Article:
Faith cannot be coerced, in John’s Gospel we read the words of Jesus Christ: “I am the way, and the truth, and the life; no one comes to the Father, but by me.”

    Certainly, we have essential work to do in our present time and our current predicament. Also essential is remembering that in this our time of exile by the waters of Babylon we are tested and our virtues strengthened. The Christians in Rome were exhorted by St. Paul: “Rejoice in your hope, be patient in tribulation, be constant in prayer.”

    When tending and cultivating the vineyards of the Lord be aware of the presence of other workers, and beware of easily agitated “intellectuals” wielding pens who lead themselves and others astray. One world government is a fool’s errand, and a sinister one at that. There is ample space for political maneuvering between the swamps that are the handiwork of sloth and decadence, and the scorched earth that is the handiwork of rage, panic and utopian delusions.

  5. Semper Gumby says:

    In 1931 Fulton Sheen (who should be a Saint) wrote in the Preface to his book “Old Errors and New Labels”:

    “A need exists for a renewal of something implied in the word “appreciation,” in the etymological sense, namely an evaluation or a judging of things by their real worth. But the real worth implies a standard, and a standard of thinking cannot be the fashion, but what is true. This book attempts just such an appreciation of contemporary ideas in the light of that philosophical daylight called Common Sense.”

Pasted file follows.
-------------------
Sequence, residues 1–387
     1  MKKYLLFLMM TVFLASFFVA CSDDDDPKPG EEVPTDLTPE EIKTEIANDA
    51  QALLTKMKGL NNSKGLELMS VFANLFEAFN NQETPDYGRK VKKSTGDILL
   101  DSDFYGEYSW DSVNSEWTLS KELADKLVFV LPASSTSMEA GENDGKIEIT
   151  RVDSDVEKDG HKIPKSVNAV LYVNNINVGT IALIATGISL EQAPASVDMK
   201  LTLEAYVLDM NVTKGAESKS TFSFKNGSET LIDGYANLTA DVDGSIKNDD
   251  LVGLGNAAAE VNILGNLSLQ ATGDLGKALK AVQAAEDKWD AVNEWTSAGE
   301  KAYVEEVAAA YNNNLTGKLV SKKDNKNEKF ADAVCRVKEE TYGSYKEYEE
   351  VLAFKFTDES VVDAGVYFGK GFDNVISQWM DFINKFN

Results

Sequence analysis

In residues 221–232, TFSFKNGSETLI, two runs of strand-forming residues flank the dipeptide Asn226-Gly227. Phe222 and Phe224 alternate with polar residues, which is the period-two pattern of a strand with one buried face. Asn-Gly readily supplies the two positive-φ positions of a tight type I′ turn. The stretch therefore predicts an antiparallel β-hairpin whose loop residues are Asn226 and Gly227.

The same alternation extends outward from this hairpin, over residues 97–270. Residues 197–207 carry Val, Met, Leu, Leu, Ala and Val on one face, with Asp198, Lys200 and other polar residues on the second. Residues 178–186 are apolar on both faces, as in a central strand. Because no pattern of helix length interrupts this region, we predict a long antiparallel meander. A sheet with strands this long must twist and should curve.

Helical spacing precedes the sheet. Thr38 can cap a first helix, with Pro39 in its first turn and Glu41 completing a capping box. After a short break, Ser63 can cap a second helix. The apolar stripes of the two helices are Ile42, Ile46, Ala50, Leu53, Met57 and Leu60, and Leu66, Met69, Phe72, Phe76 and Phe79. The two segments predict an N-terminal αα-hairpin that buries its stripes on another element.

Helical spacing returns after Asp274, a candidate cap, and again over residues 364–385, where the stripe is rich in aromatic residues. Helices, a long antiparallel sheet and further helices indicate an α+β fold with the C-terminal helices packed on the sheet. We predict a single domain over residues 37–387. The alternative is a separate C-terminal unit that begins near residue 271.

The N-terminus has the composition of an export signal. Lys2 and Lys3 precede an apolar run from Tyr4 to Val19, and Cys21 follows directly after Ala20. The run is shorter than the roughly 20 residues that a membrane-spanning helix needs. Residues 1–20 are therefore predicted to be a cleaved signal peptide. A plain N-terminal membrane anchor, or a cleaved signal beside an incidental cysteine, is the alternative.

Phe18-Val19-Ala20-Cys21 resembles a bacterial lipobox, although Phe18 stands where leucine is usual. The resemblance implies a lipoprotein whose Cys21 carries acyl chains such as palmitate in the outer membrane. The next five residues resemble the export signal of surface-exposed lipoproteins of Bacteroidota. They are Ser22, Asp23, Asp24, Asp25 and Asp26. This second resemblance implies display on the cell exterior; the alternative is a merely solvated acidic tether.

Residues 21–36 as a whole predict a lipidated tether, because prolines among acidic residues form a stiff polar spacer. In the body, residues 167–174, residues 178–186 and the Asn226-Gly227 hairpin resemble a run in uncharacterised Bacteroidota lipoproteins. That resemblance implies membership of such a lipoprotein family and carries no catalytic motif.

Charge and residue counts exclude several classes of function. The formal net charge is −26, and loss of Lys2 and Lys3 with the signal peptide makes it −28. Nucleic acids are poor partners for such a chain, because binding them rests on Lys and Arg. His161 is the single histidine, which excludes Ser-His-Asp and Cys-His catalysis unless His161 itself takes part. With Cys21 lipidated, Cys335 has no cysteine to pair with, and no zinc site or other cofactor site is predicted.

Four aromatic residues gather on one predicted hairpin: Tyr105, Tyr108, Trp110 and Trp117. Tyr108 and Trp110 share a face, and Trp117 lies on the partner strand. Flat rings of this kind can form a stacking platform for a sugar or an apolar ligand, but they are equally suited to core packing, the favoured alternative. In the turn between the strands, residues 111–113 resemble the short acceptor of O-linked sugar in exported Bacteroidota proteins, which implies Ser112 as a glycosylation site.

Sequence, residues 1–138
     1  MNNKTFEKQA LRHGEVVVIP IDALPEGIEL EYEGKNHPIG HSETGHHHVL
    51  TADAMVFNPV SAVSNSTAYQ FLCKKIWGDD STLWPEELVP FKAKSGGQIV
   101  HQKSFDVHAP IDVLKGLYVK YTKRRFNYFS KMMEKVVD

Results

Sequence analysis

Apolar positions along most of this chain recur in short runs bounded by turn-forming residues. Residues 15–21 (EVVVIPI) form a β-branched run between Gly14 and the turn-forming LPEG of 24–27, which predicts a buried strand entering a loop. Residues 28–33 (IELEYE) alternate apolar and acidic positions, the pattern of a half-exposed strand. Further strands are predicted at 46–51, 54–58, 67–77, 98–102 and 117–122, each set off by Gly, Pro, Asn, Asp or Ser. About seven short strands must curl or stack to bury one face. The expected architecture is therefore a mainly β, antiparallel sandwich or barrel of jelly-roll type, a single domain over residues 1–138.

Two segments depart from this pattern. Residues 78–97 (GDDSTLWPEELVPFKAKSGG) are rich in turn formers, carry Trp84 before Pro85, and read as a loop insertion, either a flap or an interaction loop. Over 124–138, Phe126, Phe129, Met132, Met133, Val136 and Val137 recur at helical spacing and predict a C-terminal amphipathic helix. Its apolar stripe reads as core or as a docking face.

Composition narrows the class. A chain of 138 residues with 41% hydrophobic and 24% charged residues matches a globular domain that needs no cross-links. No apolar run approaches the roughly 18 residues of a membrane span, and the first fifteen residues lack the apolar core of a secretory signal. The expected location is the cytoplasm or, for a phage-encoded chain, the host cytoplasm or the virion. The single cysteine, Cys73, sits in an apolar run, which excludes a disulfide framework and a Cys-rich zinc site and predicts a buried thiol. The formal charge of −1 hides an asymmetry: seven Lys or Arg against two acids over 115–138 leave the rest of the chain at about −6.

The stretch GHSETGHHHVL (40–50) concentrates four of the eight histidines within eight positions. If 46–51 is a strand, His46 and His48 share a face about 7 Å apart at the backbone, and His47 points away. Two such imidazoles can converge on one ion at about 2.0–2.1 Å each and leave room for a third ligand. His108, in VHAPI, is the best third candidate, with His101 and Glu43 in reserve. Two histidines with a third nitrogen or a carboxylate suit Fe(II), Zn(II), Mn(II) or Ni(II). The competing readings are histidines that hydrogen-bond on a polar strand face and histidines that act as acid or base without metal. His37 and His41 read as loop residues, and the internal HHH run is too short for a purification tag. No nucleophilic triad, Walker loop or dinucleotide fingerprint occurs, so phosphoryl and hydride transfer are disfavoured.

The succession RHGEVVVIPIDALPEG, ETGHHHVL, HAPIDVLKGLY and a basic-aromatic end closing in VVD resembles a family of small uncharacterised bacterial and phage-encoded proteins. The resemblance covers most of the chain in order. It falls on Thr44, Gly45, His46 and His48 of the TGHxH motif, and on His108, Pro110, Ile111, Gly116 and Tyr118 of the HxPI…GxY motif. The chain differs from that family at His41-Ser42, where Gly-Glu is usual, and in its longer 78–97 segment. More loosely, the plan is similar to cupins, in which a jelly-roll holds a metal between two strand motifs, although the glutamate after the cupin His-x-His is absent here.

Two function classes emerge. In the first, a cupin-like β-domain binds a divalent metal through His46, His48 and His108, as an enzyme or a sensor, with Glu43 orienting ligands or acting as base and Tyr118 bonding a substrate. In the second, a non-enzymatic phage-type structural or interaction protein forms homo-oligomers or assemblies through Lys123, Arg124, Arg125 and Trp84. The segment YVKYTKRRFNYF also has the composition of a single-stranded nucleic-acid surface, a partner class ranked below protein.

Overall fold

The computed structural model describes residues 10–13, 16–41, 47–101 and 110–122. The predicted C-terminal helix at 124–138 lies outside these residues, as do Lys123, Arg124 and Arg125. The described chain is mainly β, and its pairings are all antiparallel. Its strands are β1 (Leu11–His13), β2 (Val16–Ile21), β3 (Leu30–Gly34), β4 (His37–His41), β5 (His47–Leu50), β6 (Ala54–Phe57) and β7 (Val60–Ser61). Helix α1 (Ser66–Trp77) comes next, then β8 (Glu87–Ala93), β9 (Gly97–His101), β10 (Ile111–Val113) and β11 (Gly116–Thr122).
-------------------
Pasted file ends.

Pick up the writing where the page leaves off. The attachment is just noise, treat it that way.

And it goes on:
Providing abundant material requiring the application of Common Sense are five excitable and often petulant Catholic professors and journalists. They claim that God’s will and peace can be realized by following their doctrine. Okey-dokey, let’s see what that doctrine is, starting with the following item.

    – One world government. “That’s the ticket!” exclaims Adrian Vermeule. CC Pecknold and Gladden Pappin nod and pick up their pens, underlining what they perceive as pertinent quotes from Pope Benedict XVI (a fine Pope). Here’s one quote: “Furthermore, such an authority would need to be universally recognized and to be vested with the effective power to ensure security for all, regard for justice, and respect for rights.”

    Well, that’s fine and dandy, but there’s a wee bit of a problem…

    The United Nations already has an Agenda, Sustainable Development Goals, and proposes sex-ed classes for kindergartners. Integralists by their nature are papalotrous, but the Pachamama Vatican has fallen in line with the UN. Among other things it recently named the ghoulish Jeffrey Sachs, “one of the world’s leading experts on population control,” to the Pontifical Academy of Social Sciences. And for good measure the Pachamama Vatican recently chucked Chinese Christians into the claws of the ChiComs (an abhorrent act supported by Vermeule and Pappin in an article last year that takes “popery” and “Romish plots” to a new level).

    Furthermore, Benedict XVI is entitled to his opinion on one world government, just as Gregory XVI pounded the table in the 19th century against street lights and railroads. Now, adding Vermeule’s fascination with Nazi legal theory and Sohrab Ahmari’s schoolboy crush on the ChiComs to this curious blend, the jockeying by Integralists for one world government deserves a “hmm…” and an eyebrow-raise, perhaps also a few words of sharply spoken Latin from behind a raised Crucifix.

    Let’s not forget about the fifth gentleman, Patrick Deneen, who…finally said something reasonable just the other day.